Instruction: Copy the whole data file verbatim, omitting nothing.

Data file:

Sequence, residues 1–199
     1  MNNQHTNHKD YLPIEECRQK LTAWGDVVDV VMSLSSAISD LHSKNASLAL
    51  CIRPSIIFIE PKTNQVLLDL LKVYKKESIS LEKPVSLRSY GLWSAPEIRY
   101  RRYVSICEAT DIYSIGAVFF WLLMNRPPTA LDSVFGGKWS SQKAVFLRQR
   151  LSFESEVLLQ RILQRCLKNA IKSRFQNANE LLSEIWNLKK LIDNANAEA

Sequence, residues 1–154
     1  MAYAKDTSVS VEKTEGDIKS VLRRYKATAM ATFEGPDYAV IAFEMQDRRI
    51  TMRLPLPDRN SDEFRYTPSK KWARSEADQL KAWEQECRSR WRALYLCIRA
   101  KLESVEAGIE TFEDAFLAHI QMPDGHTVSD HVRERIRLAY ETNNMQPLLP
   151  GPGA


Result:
Sequence, residues 1–199
     1  MNNQHTNHKD YLPIEECRQK LTAWGDVVDV VMSLSSAISD LHSKNASLAL
    51  CIRPSIIFIE PKTNQVLLDL LKVYKKESIS LEKPVSLRSY GLWSAPEIRY
   101  RRYVSICEAT DIYSIGAVFF WLLMNRPPTA LDSVFGGKWS SQKAVFLRQR
   151  LSFESEVLLQ RILQRCLKNA IKSRFQNANE LLSEIWNLKK LIDNANAEA

Sequence, residues 1–154
     1  MAYAKDTSVS VEKTEGDIKS VLRRYKATAM ATFEGPDYAV IAFEMQDRRI
    51  TMRLPLPDRN SDEFRYTPSK KWARSEADQL KAWEQECRSR WRALYLCIRA
   101  KLESVEAGIE TFEDAFLAHI QMPDGHTVSD HVRERIRLAY ETNNMQPLLP
   151  GPGA